Recently, Consumer Reports (CR), a nonprofit organization that provides research and reviews to improve products, issued a report that Ikea, a popular furniture retailer, is facing a class-action lawsuit. The lawsuit alleges that the company advertised and sold millions of dressers that they knew were inherently dangerous and prone to tipping over. Further, the complaint states that the retailer did not appropriately notify consumers or issue refunds for the dresser after they were recalled in 2016. The class-action lawsuit highlights the serious dangers and injuries that Massachusetts consumers may face because of defective products.
Statistics by CR indicate that someone in the United States suffers injuries less than every half hour because of an appliance or furniture tip-over. Further, dresser tip-overs account for over 200 deaths in the past twenty years. Many of these victims were under six-years-old. The above-referenced lawsuit was filed on behalf of a family who purchased the dressers before the recall. When the family tried to return the dressers in 2018, the store denied their attempt. The lawsuit claims that other families experienced similar denials. The class-action lawsuit seeks to redress consumers who purchased defective dressers and compel the retailer to remove the dressers from the homes of customers. Several consumer protection groups wrote to Ikea, stating that they did not do enough to notify parents about their dressers’ risks or make it easy to return or remedy defective products.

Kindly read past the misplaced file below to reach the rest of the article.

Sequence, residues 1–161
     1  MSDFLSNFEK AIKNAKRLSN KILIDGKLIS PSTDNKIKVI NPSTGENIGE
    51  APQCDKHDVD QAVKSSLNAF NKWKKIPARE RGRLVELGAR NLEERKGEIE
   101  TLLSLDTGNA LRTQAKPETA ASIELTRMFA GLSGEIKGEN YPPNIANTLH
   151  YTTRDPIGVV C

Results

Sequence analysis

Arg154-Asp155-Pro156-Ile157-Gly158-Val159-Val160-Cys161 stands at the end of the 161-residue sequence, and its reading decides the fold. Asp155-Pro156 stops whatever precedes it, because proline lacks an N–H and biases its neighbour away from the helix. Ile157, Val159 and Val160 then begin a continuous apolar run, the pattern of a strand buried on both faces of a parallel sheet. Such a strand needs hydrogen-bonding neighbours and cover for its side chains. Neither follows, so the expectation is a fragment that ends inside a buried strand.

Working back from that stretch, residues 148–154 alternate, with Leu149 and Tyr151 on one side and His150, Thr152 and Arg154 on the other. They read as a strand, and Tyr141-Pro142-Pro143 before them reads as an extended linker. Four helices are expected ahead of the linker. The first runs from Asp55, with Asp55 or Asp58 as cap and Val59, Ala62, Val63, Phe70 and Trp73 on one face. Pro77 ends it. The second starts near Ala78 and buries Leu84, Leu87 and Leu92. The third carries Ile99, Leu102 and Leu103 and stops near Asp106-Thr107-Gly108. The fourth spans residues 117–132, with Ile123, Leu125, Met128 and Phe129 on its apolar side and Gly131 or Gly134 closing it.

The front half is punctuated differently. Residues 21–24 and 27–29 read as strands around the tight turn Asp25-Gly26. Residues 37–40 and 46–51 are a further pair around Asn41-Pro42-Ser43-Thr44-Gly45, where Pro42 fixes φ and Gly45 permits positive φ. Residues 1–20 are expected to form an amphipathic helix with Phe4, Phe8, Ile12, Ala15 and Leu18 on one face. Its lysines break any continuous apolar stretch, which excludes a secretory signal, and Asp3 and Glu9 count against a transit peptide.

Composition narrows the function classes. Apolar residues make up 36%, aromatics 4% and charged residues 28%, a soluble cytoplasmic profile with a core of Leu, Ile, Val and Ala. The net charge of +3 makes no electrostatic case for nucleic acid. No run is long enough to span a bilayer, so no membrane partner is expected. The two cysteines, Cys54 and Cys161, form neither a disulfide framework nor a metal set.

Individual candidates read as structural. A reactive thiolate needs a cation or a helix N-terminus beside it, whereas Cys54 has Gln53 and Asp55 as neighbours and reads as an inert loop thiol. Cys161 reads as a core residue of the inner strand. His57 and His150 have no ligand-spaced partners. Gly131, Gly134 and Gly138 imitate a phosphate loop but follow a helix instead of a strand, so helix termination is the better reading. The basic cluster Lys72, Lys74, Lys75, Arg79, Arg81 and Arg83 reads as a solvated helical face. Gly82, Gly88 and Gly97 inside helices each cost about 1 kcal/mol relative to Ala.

Many consumers are not aware that the furniture industry operates under a “voluntary tip-over” testing standard. The testing evaluates whether a dresser that measures higher than 30 inches can stay upright with 50 pounds hanging from an open drawer. However, because testing is not mandatory, manufacturers are not required to conduct the test or meet that standard. Research into these accidents reveals that close to half of these accidents occur when children are left alone in a room. CR advises that consumers refrain from putting televisions on top of dressers, citing reports that the majority of tip-over fatalities involved televisions and dressers tipping over. The most effective way to prevent these accidents is to secure dressers to the wall. However, this is not always possible for consumers, and manufacturers should provide the public with safer products and a way to affix dressers to walls.